Table: Comparing Material Properties

Material Strength Durability Heat Resistance Corrosion Resistance Weight
Metal High High High Varies High
Plastic Low-Medium Medium Low-Medium High Low


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Assessing Cost and Environmental Impact

The decision between metal and plastic CNC machining often boils down to cost and environmental considerations.

Cost Comparison

Generally speaking, plastic CNC machining tends to be more cost-effective than metal machining. Plastics are usually less expensive than metals, and their softer nature allows for faster machining speeds and less tool wear, further reducing costs. However, it’s essential to consider the total cost of ownership, including the part’s lifecycle costs. For example, if a metal part lasts longer than a plastic equivalent, the initial higher cost might be offset over time.

Environmental Impact Comparison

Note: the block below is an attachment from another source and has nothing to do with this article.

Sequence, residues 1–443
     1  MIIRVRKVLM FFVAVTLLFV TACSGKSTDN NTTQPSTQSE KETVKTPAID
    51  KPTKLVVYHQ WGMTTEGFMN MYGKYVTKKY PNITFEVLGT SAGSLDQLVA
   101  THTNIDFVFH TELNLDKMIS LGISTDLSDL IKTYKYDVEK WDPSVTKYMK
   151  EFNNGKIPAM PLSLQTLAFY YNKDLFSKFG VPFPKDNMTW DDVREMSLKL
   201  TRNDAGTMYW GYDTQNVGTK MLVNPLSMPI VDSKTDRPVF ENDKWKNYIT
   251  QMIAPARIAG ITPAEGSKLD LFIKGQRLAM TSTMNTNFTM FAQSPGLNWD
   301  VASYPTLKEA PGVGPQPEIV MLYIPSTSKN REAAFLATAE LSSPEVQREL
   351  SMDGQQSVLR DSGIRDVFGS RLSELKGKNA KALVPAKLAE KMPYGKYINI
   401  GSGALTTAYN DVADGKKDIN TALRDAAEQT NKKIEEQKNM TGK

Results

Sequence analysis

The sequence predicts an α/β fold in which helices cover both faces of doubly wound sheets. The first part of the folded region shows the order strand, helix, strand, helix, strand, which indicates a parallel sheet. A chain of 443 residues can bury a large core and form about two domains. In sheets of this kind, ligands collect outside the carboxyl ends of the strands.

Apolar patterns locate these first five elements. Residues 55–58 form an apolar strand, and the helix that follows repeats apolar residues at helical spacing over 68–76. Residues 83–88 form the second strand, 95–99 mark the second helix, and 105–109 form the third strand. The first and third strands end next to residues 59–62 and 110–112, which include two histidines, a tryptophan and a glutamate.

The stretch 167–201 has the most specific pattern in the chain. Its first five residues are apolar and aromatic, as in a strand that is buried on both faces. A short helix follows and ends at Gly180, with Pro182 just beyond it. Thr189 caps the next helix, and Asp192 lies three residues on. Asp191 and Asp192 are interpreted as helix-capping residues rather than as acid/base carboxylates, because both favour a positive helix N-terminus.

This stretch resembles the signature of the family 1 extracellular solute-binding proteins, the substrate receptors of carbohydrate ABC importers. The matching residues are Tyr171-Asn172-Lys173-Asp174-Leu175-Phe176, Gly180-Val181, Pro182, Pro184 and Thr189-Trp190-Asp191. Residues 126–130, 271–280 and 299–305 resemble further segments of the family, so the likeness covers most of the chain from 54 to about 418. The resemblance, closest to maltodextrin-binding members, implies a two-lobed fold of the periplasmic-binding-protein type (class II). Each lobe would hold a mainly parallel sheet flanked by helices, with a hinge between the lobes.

Metals, while recyclable, require significant energy for extraction and processing, leading to higher carbon emissions. On the other hand, plastics, although less energy-intensive to produce, contribute to waste and pollution problems if not properly managed or recycled.

Bulleted List: Cost and Environmental Impact Factors

  • Initial material cost
  • Machining costs (speed, tool wear, energy use)
  • Lifecycle costs (durability, maintenance)
  • Recycling potential
  • Energy use in material production
  • Waste and pollution management

Applications of Metal & Plastic CNC Machining

Metal and plastic CNC machining has extensive applications across diverse industries due to their versatile properties. Here are a few examples: